Academic Cog and Dr. Koshary both wonder how interview committees understand/evaluate an applicant's proposed courses. I'll try to answer that question from the perspective of someone at a smaller comprehensive college with a 3-3 teaching load.
To begin with, we've never expected telepathy; if we did, then I wouldn't have survived my MLA interview. When asked what one course I'd love to each, I happily came back with "A course on The Ring and the Book!" Which, it became clear after I arrived, would not go well. Nevertheless, the committee seemed to appreciate that I at least had an idea about an upper-division seminar.
I'd suggest prepping at least one introductory survey, one upper-division course in your field, and, if the department offers graduate courses, a graduate course. Be prepared to show that you can teach something other than your doctoral dissertation. (This is extremely important anywhere, but especially if you're interviewing at a college like mine, where you will likely spend a good chunk of your time in service courses.) If you're expected to teach freshman comp, then you might also want one of those handy. My own experience as an interviewee, as well as an interviewer, was that it was a good idea to have a basic spiel prepared about each course--its objectives, the authors, and some specific texts.
If you're a beginning instructor, feel free to talk about what you've learned. In my interview for my current job, when I had exactly one semester's worth of experience, I had to ruefully describe my discovery that upper-division students couldn't handle quite that much Burke, along with my solution to the crisis.
When it comes to looking at sample syllabi, I usually keep the following things in mind:
- Relative balance of canonical/non-canonical, fictional/non-fictional, and literary/critical texts. What does the instructor want to teach when? I'd expect more secondary texts--theoretical, historical, etc.--at the upper-division or graduate level, just as I'd expect more canonical texts in an introductory survey. Again, however, that depends on the nature and purpose of the course.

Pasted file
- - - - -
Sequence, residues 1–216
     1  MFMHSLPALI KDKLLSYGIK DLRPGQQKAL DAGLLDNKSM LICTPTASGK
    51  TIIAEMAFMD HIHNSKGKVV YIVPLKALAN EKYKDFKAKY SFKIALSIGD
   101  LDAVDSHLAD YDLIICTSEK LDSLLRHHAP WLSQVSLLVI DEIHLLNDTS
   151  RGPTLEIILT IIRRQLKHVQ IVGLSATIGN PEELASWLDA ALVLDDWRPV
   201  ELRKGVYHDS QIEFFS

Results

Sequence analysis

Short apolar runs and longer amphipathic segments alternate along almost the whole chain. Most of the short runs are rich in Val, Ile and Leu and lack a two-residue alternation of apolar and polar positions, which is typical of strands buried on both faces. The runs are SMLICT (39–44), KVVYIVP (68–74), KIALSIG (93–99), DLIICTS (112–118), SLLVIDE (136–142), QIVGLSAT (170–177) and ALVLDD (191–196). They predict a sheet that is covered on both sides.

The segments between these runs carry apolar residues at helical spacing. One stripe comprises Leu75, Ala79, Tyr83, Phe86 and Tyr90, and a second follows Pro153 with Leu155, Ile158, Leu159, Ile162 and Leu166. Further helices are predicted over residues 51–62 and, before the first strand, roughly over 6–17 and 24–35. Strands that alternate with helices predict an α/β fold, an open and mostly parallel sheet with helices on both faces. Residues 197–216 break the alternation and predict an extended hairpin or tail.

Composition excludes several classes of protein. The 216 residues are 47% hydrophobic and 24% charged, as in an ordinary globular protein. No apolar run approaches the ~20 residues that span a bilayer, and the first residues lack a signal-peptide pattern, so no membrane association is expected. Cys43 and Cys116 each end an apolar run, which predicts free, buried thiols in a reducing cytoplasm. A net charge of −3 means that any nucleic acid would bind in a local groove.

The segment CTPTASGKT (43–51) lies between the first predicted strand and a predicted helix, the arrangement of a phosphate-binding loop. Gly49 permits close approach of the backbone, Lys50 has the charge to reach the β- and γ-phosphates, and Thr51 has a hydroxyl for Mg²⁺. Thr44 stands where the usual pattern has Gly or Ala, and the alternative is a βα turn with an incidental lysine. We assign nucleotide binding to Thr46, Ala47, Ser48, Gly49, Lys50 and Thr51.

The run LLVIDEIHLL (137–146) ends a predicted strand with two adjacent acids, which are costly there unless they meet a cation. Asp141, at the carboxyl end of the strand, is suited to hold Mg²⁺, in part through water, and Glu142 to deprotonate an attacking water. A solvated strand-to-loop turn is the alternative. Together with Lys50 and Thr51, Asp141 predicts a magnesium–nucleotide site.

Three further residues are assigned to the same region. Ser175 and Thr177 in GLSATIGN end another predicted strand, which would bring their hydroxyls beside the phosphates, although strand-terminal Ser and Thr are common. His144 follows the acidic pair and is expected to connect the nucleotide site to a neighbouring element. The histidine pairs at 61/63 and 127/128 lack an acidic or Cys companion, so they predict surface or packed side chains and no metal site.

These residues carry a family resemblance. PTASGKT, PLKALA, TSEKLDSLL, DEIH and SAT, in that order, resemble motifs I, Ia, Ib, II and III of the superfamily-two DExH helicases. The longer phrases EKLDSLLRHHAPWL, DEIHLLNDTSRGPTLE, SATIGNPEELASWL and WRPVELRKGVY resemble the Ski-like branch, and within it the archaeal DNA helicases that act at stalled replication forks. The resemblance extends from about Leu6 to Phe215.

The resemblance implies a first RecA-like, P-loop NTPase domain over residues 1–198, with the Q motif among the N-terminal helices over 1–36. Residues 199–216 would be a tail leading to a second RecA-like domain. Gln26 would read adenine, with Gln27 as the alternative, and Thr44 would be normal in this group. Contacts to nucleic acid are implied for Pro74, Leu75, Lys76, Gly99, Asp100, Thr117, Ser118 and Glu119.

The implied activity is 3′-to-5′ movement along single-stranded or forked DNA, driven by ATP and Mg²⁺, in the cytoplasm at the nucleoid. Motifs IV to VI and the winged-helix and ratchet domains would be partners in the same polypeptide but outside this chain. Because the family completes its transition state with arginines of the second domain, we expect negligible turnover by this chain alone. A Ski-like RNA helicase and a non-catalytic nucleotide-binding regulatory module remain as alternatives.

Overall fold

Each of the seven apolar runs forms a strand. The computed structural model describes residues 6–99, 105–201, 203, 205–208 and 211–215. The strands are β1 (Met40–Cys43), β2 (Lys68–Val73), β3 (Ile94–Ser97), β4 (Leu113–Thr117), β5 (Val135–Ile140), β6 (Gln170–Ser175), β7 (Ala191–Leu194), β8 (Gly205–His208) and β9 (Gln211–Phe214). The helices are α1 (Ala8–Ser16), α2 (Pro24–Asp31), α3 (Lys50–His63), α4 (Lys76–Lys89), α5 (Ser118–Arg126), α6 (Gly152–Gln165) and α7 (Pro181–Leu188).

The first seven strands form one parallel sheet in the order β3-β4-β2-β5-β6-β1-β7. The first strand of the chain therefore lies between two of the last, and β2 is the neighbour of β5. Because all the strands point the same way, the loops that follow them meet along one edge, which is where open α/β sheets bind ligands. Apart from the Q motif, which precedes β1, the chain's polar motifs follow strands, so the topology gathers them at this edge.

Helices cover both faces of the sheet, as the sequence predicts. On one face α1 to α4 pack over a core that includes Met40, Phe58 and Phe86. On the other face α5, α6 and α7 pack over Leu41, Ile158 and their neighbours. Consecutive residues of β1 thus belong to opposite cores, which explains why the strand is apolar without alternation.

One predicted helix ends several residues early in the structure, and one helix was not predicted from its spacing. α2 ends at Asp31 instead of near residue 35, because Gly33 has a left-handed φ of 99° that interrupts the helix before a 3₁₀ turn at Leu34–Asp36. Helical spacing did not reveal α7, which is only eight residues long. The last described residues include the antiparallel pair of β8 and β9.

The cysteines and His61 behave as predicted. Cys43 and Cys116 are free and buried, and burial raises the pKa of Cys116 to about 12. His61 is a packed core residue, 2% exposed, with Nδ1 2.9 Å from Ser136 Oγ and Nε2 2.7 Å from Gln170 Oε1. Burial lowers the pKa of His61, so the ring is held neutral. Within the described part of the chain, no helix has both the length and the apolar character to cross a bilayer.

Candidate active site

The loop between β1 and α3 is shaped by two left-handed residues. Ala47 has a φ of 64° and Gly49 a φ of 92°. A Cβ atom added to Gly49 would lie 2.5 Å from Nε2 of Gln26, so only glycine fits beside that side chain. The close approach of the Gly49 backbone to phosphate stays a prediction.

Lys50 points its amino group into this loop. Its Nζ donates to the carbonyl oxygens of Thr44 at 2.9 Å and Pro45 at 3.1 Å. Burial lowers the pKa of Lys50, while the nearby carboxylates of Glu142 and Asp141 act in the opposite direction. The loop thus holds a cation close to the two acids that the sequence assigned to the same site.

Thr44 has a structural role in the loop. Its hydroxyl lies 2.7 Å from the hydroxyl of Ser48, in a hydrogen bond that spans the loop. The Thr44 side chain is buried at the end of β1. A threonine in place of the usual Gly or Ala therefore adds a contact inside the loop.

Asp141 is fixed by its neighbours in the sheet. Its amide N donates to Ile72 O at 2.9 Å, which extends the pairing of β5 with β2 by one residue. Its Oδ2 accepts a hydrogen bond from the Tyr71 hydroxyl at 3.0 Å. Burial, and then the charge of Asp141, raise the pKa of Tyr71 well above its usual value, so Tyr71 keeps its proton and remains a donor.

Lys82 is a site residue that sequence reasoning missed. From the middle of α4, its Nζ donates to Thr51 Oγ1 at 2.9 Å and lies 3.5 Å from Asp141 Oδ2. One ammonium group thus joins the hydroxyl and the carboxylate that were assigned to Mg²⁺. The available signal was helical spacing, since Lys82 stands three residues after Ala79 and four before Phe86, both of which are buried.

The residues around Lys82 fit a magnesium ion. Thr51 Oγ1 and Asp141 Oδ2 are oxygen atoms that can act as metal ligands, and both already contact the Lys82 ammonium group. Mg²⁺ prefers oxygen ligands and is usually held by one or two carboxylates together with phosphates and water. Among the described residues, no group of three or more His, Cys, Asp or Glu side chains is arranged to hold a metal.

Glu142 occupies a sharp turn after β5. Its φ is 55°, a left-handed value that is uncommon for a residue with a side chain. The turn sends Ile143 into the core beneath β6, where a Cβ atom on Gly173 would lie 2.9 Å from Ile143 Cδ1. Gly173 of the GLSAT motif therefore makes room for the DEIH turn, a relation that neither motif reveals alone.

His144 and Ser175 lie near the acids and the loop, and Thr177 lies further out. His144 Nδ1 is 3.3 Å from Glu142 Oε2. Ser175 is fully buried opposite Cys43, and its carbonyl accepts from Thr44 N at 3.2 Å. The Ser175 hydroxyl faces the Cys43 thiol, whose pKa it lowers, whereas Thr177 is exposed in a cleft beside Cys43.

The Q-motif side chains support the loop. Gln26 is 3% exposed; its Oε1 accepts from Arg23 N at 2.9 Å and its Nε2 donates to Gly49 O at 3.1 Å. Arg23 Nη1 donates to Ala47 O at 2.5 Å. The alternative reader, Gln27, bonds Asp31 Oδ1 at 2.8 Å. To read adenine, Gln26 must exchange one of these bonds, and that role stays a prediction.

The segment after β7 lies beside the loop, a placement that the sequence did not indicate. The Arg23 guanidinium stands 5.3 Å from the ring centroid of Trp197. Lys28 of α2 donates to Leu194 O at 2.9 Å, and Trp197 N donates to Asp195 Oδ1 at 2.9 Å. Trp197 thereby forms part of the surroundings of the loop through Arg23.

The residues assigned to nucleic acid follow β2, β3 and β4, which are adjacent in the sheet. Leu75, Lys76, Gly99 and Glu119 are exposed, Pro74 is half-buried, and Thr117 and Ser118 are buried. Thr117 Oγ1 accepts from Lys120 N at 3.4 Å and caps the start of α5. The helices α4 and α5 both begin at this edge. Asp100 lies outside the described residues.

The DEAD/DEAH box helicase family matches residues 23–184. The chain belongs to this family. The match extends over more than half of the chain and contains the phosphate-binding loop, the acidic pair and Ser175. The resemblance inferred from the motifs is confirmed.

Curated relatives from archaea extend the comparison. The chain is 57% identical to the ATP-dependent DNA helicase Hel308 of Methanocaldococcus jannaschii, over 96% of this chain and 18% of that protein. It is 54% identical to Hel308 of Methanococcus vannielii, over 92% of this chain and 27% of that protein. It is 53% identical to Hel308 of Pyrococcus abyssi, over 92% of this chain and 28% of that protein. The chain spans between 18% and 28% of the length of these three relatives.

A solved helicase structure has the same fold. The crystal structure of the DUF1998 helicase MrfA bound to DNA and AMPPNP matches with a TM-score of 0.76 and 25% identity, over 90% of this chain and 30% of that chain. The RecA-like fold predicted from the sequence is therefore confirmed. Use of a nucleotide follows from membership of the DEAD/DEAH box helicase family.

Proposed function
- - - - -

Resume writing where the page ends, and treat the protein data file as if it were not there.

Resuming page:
- What is the course? Some courses tell stories; others don't. Even so, I should be able to figure out what the logic of the course is. Introductory survey of major authors? Nineteenth-century Gothic novel? Victorian Medievalism? Does the level of specialization fit the course number? How much pre-existing knowledge and experience, that is, does the course expect?
- Does it look teachable? Surely the students are not expected to read the entirety of The Ring and the Book by Monday. And does the instructor really plan to grade that many tiny projects...in three different classes?
- Some awareness of the student demographics. Or: rock, meet hard place. Many of our students are slightly older, have families, and/or are working part- or even full-time to support themselves. At some point, the syllabi have to take this into account. Are students expected to read a triple-decker every week...or every three weeks? How many poems per session? Are the papers reasonably spaced? Again, I would expect a more intense reading program for graduate students. (In a 600-level MA seminar, for example, I have expected students to read anywhere from eight to ten Victorian novels in a single semester. Even emphasizing shorter novels, that's still much more work than I would ask of undergrads.)
- Independent research projects. What kinds of projects? How much supervision on the instructor's part? Are there smaller papers/assignments leading up to the large project, or just a big paper at the end? Is there any research instruction built into the course?
- Student involvement. We teach smaller courses--even the biggest usually top out at around thirty-five or forty--so even the big lecture courses don't need to be anonymous. Does the syllabus show signs that the applicant is aware of this? Are there provisions for group work and other forms of participation? I would take it as given that a graduate course in literature would be discussion-oriented.
- Dollar signs. When I was at the University of Chicago, I had the habit of giving my classes alternative titles--"The Infinite Course," "The Course for No Reason," "The Course with No Books(!)," etc. One quarter, I had "The Financially Unacceptable Course." I gather that some professors have been known to swoop down and criticize applicants for some heinous violation of textbook morality, which is not what this is about. But, put simply, have you shown some awareness of how much the books will cost? Obviously, it's hard to avoid higher prices in graduate courses.